children in armed conflict, including abduction of children for training as child mercenaries and in terrorism, mass killing of children in communal and sectarian violence, child labour, particularly the worst forms of child labour, the continued exploitation and trafficking of children for pornography, prostitution and drug trafficking, the sale of children and their organs, the increasing number of children affected by HIV/AIDS, as well as the suffering of refugee and displaced children especially in Africa. Urgent steps, including through international co-operation, must be undertaken to address these problems. In this regard, they noted the entry into force of the Optional Protocols to the Convention on the Rights of the Child on the Involvement of Children in Armed Conflict and on the Sale of Children, Child Prostitution and Child Pornography and encouraged all Member States to consider signing, ratifying or acceding to the Optional Protocols of the Convention.
The Ministers recognized the need for the United Nations to address the issue of the protection of children in an impartial, objective, non-selective and transparent manner.
The Ministers reaffirmed the Declaration and Programme of Action on a Culture of Peace recognising that they serve, inter alia, as the basis for the observance of the International Decade for a Culture of Peace and Non-violence for the Children of the World (2001–
for future generations, and invited States to expand their activities promoting a Culture of Peace and Non-violence at the national, regional and international levels.
Transnational Organised Crime
The Ministers reaffirmed that international efforts against transnational organised crime should be carried out with full respect for the sovereignty and territorial integrity of States.
The Ministers welcomed the generous offer by the Government of Thailand to host 11th United Nations Congress on Crime Prevention and Criminal Justice to be held in 2005. They urged all States to consider ratifying the Convention against Transnational Organised Crime and its related Protocols.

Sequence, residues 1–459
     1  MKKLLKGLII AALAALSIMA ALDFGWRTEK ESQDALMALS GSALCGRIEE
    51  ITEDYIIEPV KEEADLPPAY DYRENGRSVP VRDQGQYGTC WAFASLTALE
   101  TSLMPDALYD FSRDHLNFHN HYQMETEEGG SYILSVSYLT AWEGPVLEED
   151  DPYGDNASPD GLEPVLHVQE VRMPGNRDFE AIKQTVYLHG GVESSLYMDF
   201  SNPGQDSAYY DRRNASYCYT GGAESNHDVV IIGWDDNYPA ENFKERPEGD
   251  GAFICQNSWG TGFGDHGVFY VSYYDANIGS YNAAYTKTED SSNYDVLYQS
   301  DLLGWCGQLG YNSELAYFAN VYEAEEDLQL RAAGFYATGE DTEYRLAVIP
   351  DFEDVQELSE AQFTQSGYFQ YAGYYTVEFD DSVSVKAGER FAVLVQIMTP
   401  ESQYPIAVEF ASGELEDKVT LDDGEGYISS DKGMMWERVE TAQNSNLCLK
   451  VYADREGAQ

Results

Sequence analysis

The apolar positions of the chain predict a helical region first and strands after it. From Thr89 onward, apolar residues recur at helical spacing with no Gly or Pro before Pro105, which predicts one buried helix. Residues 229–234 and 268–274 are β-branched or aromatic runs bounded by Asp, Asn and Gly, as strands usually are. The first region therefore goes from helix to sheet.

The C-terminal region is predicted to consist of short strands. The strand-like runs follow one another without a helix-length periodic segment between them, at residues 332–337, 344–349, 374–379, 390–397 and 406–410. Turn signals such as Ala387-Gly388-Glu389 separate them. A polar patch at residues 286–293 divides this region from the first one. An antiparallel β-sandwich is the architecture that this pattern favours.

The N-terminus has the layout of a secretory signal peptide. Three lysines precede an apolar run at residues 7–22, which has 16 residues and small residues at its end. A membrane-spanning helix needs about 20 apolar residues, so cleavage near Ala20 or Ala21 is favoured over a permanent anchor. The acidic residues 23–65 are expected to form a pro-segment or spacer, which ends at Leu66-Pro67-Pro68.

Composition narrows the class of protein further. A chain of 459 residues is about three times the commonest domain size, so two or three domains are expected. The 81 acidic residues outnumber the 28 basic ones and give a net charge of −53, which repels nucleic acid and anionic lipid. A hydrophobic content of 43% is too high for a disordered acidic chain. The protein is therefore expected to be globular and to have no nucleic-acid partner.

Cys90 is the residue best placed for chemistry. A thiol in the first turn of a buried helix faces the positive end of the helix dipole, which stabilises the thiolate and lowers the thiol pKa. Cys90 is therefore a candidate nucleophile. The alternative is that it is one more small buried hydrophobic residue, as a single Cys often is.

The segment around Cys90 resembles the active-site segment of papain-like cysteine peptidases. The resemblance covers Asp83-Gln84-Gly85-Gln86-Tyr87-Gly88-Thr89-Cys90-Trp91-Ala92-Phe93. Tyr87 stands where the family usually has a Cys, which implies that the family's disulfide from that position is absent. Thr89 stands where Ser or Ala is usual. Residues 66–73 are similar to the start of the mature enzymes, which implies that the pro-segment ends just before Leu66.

The Ministers expressed concern about the seriousness of problems and threats posed by corruption to the stability and security of societies, undermining the institutions and values of democracy, ethical values and justice and jeopardizing sustainable development and the rule of law.
The Ministers welcomed the adoption of the United Nations Convention Against Corruption in Merida, Mexico, in December 2003, that provides the opportunity, inter alia, for global response against corruption linked to organized crime, including provisions regarding acts of corruption involving public officials.
The Ministers stressed that corrupt practices, including lack of sound international corporate governance, bribery, money laundering and the transfer abroad of illegally acquired funds and assets undermine the economic and political stability, and the development efforts of developing countries. They encouraged all States to consider ratifying the UN Convention Against Corruption. They further called upon developed countries to provide technical assistance to developing countries through the UN Office on Drugs and Crime in accordance with relevant General Assembly resolutions to allow